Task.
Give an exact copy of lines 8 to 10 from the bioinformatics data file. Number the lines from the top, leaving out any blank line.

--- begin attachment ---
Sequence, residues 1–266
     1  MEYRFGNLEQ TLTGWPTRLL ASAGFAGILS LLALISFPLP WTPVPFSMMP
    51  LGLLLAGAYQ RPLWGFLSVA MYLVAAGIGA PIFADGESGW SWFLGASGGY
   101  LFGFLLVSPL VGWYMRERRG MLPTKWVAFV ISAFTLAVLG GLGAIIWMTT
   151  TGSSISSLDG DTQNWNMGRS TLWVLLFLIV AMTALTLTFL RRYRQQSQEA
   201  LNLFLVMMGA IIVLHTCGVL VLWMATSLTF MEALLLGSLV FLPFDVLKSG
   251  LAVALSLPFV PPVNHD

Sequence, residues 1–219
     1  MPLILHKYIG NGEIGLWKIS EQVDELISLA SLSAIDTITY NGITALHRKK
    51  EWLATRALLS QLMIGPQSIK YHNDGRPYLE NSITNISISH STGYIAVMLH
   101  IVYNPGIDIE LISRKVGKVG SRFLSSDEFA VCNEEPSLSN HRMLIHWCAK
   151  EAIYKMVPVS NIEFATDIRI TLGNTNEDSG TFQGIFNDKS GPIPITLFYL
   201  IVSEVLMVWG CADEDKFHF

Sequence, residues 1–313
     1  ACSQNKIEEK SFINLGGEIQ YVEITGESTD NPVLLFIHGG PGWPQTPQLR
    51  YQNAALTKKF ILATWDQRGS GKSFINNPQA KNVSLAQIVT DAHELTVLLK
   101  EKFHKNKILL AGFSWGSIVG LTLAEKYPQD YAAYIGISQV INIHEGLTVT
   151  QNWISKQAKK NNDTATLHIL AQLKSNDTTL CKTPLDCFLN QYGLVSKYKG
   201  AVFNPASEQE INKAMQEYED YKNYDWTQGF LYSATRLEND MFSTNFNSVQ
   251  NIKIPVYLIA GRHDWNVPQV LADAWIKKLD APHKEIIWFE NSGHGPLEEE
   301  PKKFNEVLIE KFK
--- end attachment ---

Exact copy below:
Sequence, residues 1–219
     1  MPLILHKYIG NGEIGLWKIS EQVDELISLA SLSAIDTITY NGITALHRKK
    51  EWLATRALLS QLMIGPQSIK YHNDGRPYLE NSITNISISH STGYIAVMLH